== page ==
Letter to the editor: Can the MTA afford its long list of capital projects?

In advance of City & State’s mass transportation issue, which goes to press on Monday, I decided to publish a letter from Larry Penner, a transportation advocate, who closely monitors the MTA’s capital projects and their enormous price tags.

In this letter, Penner frames the lack of detail on the MTA’s five-year capital plan against the backdrop of the recently completed “remarkably productive” legislative session (in the words of Gov. Andrew Cuomo). When you look at the numbers Penner breaks down, it’s fair to wonder how the MTA will prioritize the various capital projects in the pipeline, especially as the price tags balloon over the next five years. Read Penner’s letter to the editor below.

In the recent City & State article, "Albany Aftermath – What Didn't Get Done" (June 20), one of the glaring omissions was any information on how the state and city plan to fund their long list of capital transportation projects. Gov. Andrew Cuomo never gave any specifics of how he will come up with $7.3 of the $8.3 billion promised to meet the budget shortfall in the 2015-2019 MTA Five Year Capital Plan. The same is true for New York City Mayor Bill de Blasio and his promised contribution of $2.5 billion.   

Cuomo also failed to identify the specifics of how he will come up with New York state’s $6 billion share toward the $24 billion Gateway Tunnel project, which will improve capacity for both Amtrak and New Jersey Transit between New Jersey and Penn Station.   

The MTA’s next 2020-2024 Five Year Capital Program will first have to deal with $8 billion in unfunded carryover projects and programs going back 10 years. By waiting all these years, the costs will have gone up by another billion or two. There will also be many other new worthy capital projects that will be competing for funding in the next MTA Capital Plan.  There is a long list of projects that could very well be included in this plan, with cost estimates included:

·      The 2nd Avenue Subway Phase 2 ($5.5 to $6 billion)

·      Long Island Rail Road Main Line Third Track ($1.5 billion plus $700 million to eliminate 7 grade crossings)

·      Suffolk County Rt. 110 Bus Rapid Transit ($100 million)

·      Nassau County Hub Bus Rapid Transit ($400 million)  

·      Rockland-Westchester Tappan Zee Bridge Bus Rapid Transit (which would feed into the Metro North Hudson Line Tarrytown Station $200 million)

·      Metro North West Bronx Penn Station Access ($200 million)

·      Staten Island North Shore Bus Rapid Transit ($600 million)

·      Staten Island West Shore Bus Rapid Transit ($1.5 billion)

·      New #7 subway station at 41st Street & 10th Avenue ($500 million)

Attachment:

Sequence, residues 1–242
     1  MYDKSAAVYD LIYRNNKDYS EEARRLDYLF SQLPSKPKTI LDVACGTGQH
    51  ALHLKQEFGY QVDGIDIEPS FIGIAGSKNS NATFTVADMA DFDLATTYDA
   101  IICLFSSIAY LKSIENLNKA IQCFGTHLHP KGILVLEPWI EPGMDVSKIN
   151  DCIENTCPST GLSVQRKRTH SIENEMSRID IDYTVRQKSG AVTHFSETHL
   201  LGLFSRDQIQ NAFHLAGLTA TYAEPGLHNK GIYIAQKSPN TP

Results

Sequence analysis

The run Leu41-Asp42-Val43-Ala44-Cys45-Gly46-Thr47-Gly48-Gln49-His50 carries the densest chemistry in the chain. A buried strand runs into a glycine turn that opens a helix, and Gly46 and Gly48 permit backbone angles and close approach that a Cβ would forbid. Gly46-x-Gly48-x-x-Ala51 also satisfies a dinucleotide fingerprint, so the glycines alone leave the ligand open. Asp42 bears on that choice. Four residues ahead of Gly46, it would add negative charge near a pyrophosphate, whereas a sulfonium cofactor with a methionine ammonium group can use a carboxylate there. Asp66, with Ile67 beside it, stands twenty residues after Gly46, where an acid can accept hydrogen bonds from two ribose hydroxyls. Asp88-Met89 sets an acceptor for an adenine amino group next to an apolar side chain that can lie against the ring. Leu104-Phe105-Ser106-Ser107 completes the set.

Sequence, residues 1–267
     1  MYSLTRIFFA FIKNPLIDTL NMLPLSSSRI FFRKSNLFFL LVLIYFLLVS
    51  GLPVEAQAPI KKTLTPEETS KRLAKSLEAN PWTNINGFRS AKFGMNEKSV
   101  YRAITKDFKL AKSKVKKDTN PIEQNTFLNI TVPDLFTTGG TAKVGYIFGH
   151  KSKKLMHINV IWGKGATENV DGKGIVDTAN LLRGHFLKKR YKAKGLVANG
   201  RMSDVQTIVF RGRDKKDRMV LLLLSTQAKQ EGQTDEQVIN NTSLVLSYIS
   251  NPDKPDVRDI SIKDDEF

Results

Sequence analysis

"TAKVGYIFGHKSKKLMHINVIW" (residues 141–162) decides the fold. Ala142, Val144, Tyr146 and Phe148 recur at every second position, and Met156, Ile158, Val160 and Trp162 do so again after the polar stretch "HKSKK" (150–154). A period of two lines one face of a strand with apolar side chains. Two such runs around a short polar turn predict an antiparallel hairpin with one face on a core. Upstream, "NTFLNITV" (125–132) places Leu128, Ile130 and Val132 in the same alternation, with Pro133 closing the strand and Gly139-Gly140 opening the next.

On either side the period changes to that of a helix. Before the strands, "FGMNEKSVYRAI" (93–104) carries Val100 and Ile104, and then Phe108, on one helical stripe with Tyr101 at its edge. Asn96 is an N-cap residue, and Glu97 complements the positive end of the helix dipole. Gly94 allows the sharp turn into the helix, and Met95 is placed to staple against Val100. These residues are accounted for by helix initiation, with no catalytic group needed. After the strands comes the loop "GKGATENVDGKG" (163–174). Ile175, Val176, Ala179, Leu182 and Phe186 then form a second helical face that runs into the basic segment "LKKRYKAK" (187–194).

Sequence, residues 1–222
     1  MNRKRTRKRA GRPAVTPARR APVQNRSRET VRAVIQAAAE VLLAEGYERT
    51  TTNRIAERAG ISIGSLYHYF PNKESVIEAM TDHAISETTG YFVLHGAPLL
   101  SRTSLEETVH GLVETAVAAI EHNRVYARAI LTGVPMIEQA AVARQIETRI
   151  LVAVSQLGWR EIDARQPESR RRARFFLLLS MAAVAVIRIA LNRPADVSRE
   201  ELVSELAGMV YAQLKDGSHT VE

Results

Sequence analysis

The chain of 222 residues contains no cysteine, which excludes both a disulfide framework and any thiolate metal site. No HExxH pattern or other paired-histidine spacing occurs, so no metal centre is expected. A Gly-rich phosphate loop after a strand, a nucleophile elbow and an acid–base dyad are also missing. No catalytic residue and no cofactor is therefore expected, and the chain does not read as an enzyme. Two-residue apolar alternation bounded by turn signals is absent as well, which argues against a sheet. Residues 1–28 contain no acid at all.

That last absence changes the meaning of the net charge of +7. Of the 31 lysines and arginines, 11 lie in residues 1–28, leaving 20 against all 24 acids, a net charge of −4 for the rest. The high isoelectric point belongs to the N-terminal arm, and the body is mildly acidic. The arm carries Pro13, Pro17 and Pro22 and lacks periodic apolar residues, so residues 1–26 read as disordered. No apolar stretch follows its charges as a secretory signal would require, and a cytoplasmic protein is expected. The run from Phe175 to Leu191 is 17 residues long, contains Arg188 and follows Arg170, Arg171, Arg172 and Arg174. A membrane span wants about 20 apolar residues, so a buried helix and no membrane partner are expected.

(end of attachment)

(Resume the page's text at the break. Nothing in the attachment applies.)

·      Restoration of LIRR service on the old Queens Rockaway Beach LIRR branch ($1 billion)

·      Triboro X Subway Express (new subway line connecting the Bronx, Queens & Brooklyn for $2 billion)

·      Main Street Flushing Queens Intermodal Bus Terminal ($100 million)

·      Reopening the Woodhaven Blvd Atlantic Branch LIRR Station ($40 million)

·      Brooklyn-Queens Waterfront Streetcar Connector (connecting various neighborhoods along the waterfront from Sunset Park, Brooklyn to Astoria, Queens ($2.5 billion)

·      Queens Woodhaven Boulevard Bus Rapid Transit ($400 million)

·      Western Queens Montauk Branch Light Rail (between Glendale and Long Island City on the old Montauk LIRR branch - $100 million)

Cuomo’s prized LaGuardia Airport rebuild also includes a baseline budget of $450 million for expanding the AirTrain, which may require up to an additional $550 million, in the years to come. The final cost may be closer to $1 billion.

The $3 billion new Penn Station will end up needing far more than $300 million in combined assistance from the MTA, New Jersey Transit, Amtrak along with Port Authority of New York and New Jersey. Does anyone really believe that potential developers will spend $2.7 billion of their own funding to pay for this?

Cuomo, the state Legislature and de Blasio continue to just kick the can down the road on financing these projects. They remind me of the character Wimpy, who famously said, "I'll gladly pay you Tuesday for a hamburger today." When the bills become due, taxpayers will be stuck with Cuomo and de Blasio's tabs. Why would the next governor or mayor want to pay for any of Cuomo or de Blasio's bills?


Larry Penner

Larry Penner is a transportation historian and advocate who previously worked 31 years for the U.S. Department of Transportation Federal Transit Administration Region 2 NY Office.